The Stream Doctor

February 21st, 2005

Email YOUR Questions directly to the Stream Doctor. This is your opportunity to get an experts professional opinion on anything stream related.

Q. Based on the external features of trout, how can I identify the type of trout that I am catching? When I catch a trout, I don't know what kind of trout it is; could you give me a few tips of how to determine whether the trout is a brown, rainbow, brook, speckled, etc...? Thank you.

A. Their are many, many books, pamphlets, etc. which provide the information you are looking for, and many have pictures of each species of trout which will aid you in their identification. I'm sure your local fishery biologist could help you locate some of these. Below are some general features of each species that should help you in identifying the main trout species:

Rainbow trout (Oncorhynchus mykiss): Generally silvery with dark olive green back and black spots. It gets its name from a red or rosy band along its side extending from the gill covers to just in front of the tail. There is great diversity in this broad group, especially in the distribution of the spots on the body.

Brown trout (Salmo trutta): Again, there is great diversity in the coloration of brown trout. Generally, they are olive green to brown on the back, shading to yellow or white on the lower sides and belly. There are two colors of spots. Black spots, surrounded by a light halo occur on the backs and sides, and red or orange spots, again with a light halo, are found on the lower sides. The dorsal, anal, and pelvic fins have sometimes have leading edges fringed with white and black, although this is not as distinct as for the brook trout (see below). The brown trout is the only trout species that has red on the adipose fin (the small fin on the back just in front of the tail), although this color character is often absent in hatchery-reared fish.

Cutthroat trout (Oncorhynchus clarki): The name comes from the presence of a red or orange slashmark found on each side of the lower jaw; however, you must use this character with caution because other trout - rainbow/cutthroat hybrids, Gila trout, Apache trout, and the redband trout (a subspecies of the rainbow) - often have this mark as well. There are more subspecies of cutthroat trout than any other species of trout, so other than this distinguishing mark, they are difficult to tell apart without experience. Generally, the bodies are yellowish to olive green and are black-spotted. It is the pattern and size of the black spots that are most useful in distinguishing sub-species.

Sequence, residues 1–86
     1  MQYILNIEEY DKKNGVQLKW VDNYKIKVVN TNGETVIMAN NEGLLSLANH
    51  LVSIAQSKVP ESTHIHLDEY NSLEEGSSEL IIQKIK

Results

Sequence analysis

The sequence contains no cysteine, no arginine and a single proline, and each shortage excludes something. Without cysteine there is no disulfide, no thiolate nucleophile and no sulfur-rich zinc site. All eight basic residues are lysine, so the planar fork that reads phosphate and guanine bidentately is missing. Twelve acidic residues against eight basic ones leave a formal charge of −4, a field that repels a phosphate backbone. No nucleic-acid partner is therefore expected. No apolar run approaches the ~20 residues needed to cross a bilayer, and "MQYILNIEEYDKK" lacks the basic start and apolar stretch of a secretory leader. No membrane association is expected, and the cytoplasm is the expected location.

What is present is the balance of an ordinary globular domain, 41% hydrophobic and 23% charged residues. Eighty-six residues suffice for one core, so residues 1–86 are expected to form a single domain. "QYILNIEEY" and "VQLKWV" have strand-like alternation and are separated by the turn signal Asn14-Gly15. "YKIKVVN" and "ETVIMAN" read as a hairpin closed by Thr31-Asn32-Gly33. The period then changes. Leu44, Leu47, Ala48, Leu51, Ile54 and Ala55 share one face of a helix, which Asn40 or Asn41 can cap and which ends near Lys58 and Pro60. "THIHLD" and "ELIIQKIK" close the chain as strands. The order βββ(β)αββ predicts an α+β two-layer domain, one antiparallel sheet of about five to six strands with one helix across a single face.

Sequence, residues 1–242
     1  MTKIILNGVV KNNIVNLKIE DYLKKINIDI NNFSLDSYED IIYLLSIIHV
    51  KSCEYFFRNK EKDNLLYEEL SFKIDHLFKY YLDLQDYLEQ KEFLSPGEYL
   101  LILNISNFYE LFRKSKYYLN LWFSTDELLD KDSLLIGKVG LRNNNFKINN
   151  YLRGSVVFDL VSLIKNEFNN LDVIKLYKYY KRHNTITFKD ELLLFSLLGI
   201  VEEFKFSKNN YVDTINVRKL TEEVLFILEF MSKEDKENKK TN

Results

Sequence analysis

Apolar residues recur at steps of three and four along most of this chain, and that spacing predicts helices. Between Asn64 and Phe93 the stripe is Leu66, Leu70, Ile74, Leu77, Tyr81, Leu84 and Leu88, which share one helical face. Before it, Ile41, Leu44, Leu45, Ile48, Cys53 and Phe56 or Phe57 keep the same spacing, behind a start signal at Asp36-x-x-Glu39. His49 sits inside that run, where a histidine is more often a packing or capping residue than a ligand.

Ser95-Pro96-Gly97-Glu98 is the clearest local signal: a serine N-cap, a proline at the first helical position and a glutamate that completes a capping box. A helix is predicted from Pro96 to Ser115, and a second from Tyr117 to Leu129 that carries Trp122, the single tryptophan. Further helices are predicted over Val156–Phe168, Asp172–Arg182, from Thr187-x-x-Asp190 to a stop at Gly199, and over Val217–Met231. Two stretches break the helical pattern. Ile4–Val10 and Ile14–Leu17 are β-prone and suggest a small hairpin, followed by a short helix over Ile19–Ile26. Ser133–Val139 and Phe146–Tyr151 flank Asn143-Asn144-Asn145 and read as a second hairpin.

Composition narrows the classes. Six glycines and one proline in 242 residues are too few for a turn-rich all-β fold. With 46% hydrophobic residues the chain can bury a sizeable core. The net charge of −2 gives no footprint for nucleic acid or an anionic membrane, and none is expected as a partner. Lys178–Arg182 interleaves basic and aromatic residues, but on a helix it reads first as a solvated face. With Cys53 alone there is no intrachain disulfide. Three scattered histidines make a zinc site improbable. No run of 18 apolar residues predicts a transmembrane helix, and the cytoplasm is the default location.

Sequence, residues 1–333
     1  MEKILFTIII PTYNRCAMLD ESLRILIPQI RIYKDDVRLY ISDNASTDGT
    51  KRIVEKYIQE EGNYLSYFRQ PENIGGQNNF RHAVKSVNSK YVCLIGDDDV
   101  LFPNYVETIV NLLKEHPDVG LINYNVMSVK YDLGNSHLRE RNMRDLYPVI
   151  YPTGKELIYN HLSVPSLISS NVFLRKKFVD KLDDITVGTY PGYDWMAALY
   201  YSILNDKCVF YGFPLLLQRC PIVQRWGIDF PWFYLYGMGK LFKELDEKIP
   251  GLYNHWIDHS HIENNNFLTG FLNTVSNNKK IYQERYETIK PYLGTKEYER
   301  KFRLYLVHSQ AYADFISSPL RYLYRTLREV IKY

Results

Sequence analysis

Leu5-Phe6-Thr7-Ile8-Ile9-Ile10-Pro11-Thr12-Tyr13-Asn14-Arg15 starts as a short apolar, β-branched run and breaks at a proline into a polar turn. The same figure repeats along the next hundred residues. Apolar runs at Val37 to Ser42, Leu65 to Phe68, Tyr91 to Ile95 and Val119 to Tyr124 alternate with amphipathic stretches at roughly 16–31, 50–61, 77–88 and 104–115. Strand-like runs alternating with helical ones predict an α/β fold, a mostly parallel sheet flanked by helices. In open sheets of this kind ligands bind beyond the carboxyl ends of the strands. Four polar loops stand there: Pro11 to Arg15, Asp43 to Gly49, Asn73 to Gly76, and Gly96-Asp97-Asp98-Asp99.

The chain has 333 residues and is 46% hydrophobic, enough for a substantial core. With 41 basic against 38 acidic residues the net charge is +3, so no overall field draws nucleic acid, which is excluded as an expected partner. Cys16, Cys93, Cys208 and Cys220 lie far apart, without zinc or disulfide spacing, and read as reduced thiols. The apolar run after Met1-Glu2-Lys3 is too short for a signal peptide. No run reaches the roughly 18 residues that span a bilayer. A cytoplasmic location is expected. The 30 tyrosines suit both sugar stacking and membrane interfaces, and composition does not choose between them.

Brook trout, speckled trout (Salvelinus fontinalis): These are two of the many common names for this trout, which, in fact, is not a true trout but a char. It is quite easy to distinguish from the other species. The dark, greenish-black back is patterned with lighter colored, worm-like markings called vermiculations. They have no dark spots, unlike the other three trouts, but have red spots surrounded by a bluish halo. The lower sides and belly shade into orange, which can be truly spectacular, especially during spawning season. Probably the best way to identify brookies is by the fact that the pectoral, pelvic, and anal fins have a white leading edge bordered by black.

If you have a question, please feel free to contact me.
~ C. E. (Bert) Cushing, aka Streamdoctor
105 W. Cherokee Dr.
Estes Park, CO 80517
Phone: 970-577-1584

The 'Stream Doctor' is a retired professional stream ecologist and author, now living in the West and spending way too much time fly-fishing. You are invited to submit questions relating to anything stream related directly to him for use in this Q & A Feature at

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